Many work in their homes, seeing patients downstairs and sharing tiny sleeping and living quarters upstairs. They are expected to inform their supervisors if anyone offends the ''honor of the motherland and its symbols'' in their presence and forbidden to stay out overnight.
Although the rules also say that they must not offer any ''opinion about political events'' in Venezuela, the ideological component of their mission is impossible to escape. Posters of Che Guevara, Fidel Castro and Hugo Chávez can be found in most, if not all, of the octagonal buildings that house the Cuban-run clinics here.
In the large diagnostic and rehabilitation centers, elaborate but crudely made displays -- such as the one a second-grade student can create for a history project -- hang from the walls. Many include pictures of a youthful and armed Castro, and some compare his 26th of July movement and the 1953 attack on the Moncada barracks to the war that Chávez has declared against poverty, disease and despair. Health is depicted as another war to wage, another victory against the United States.
Frank Cabrera, 30, a doctor who shortly before his defection two years ago was one of the mission's leaders in the state of Zulia, said that Cuban Communist Party leaders who supervise the brigade in Venezuela asked him and other doctors to secure at least 20 votes for Chávez in the 2004 election. He said he didn't do it, but he didn't have to.
''It is as simple as this: You begin distributing vitamins to the population in a crucial time in the elections,'' said Cabrera, who now lives in Miami. ``People know who delivers the vitamins, they know where they come from, and they know who's paying for them, so they quickly decide who they vote for if vitamins are important for them. And for most people, they are.''
Yet, for some pro-Chávez Venezuelans, the Cuban involvement does not go far enough.
Rubén Martínez, a social worker in charge of the Barrio Adentro Mission in the municipality of El Libertador in Caracas, said too many doctors have left for other missions in Pakistan or in Bolivia or to staff larger medical centers in other parts of the country, so that of the 1,146 assigned to Caracas five years ago, only 400 remain.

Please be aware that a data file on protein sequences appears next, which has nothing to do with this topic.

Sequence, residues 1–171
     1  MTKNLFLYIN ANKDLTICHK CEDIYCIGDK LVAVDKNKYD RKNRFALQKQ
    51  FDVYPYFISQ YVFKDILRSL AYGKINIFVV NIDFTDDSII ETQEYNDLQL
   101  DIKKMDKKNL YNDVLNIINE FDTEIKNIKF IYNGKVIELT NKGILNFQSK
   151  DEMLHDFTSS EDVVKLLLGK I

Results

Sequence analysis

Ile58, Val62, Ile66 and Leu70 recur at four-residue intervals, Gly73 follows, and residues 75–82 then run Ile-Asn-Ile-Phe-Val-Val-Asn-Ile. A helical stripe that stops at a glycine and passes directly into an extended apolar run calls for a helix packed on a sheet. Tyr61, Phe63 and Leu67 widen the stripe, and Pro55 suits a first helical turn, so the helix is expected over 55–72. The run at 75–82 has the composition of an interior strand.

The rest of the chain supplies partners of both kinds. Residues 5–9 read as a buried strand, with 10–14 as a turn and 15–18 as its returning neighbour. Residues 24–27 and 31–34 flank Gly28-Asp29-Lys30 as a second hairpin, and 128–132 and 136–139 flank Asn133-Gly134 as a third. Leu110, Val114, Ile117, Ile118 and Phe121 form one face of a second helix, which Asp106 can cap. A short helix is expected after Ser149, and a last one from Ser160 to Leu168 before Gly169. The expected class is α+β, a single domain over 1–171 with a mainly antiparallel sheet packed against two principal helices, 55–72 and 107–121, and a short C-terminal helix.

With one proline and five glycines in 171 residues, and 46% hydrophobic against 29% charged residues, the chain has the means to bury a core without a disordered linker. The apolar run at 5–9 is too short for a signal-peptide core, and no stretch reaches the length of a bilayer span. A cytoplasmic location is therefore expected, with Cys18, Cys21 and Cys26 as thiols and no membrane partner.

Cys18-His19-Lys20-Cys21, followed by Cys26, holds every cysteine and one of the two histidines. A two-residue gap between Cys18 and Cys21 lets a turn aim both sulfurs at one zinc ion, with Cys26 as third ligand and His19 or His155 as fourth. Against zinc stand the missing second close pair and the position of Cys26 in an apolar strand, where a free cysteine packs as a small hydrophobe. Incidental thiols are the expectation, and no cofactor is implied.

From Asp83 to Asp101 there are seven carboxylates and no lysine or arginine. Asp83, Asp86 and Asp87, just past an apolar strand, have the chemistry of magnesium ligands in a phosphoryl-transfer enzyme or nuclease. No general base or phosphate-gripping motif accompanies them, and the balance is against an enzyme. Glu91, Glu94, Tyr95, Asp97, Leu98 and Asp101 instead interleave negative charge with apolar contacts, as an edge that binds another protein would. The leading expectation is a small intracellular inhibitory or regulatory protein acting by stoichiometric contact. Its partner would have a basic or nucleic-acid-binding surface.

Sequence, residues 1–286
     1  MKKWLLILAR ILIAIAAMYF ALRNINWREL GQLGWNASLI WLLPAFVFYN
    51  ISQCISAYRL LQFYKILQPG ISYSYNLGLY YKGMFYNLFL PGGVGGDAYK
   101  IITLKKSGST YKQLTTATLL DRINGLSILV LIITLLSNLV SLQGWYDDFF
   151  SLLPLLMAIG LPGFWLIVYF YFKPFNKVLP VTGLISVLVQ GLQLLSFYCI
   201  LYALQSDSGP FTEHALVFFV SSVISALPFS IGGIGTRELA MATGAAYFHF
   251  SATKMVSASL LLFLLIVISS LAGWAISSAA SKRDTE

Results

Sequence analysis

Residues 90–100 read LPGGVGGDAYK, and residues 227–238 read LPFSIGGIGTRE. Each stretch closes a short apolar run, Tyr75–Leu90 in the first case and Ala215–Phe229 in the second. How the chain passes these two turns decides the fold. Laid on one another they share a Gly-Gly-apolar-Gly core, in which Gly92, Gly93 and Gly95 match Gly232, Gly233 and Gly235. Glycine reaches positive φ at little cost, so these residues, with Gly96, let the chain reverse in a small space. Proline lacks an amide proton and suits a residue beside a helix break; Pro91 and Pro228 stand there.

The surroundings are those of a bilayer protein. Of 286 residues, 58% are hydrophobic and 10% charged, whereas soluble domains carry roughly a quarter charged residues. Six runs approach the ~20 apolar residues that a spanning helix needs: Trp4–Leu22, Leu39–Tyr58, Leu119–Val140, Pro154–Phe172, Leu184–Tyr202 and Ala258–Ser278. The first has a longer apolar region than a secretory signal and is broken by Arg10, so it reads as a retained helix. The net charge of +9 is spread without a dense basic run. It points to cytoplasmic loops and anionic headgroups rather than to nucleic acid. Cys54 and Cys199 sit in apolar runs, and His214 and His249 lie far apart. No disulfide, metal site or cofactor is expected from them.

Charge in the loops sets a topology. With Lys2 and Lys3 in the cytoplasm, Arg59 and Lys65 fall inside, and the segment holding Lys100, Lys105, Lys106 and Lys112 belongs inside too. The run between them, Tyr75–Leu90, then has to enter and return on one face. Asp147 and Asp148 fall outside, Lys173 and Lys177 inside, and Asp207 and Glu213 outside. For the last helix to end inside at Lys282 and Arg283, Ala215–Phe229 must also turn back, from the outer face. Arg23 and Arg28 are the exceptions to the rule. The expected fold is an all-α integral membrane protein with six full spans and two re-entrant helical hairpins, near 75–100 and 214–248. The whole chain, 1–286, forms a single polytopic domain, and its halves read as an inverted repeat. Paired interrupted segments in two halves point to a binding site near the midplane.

And those, he said, don't do the kind of political indoctrination he thinks Venezuelans need.
''This is a consumer's society, a bourgeois society,'' Martínez said. ``There is much we could learn from the Cubans if only they would be willing to teach us, but they are too busy already.''
A typical day for a Cuban Barrio Adentro doctor here begins early in the morning, seeing patients. Some have to walk for miles under the sun and up and down hills to check on patients who are housebound or who have lost their neighborhood doctor to another mission. They eat whatever they can cook from their government-issued rations: rice, oil, beans, flour, sugar, powder milk, sardines, chicken, butter, mayonnaise, coffee and canned meat.
They can't accept gifts, or go to the movies, a bar or a disco. To have friends outside of work, they have to ask permission from their supervisors. They have to attend political meetings where news from Cuba and world events are discussed. They can't drive or visit another state, or have opinions that are contrary to those of the government or its healthcare system. By 7 p.m. or so, they should be home -- for their safety, they are told.
Several Cuban doctors have died in Venezuela, victims of crime. The numbers are hard to pin down. Martínez said he knew of four who had been murdered, but some of the doctors here say the number is higher, perhaps 14.
The doctor with the red T-shirt finishes her lunch and after a two-hour talk asks to be driven back to her home. Her roommates may notice her absence, and she does not want to raise suspicion. She is so highly regarded by her peers, she said, that she has been appointed to a supervisory role. Often, she said, she attends meetings, where she keeps quiet and tries not to roll her eyes at the rhetoric.
''If they only knew what I'm thinking,'' she said. Her most obsessive thought: how to escape. She needs about $2,000, she said, for a plane ticket and a place to stay after defecting and before she receives a U.S. visa.
She politely refuses an offer for dessert or coffee. Her nerves are shot and she can't eat. Just take her home, she pleaded. She asked to be dropped off at the corner, away from the prying eyes of neighbors and colleagues.
``Peor que en Cuba,'' she whispers as she leaves the car. ``Worse than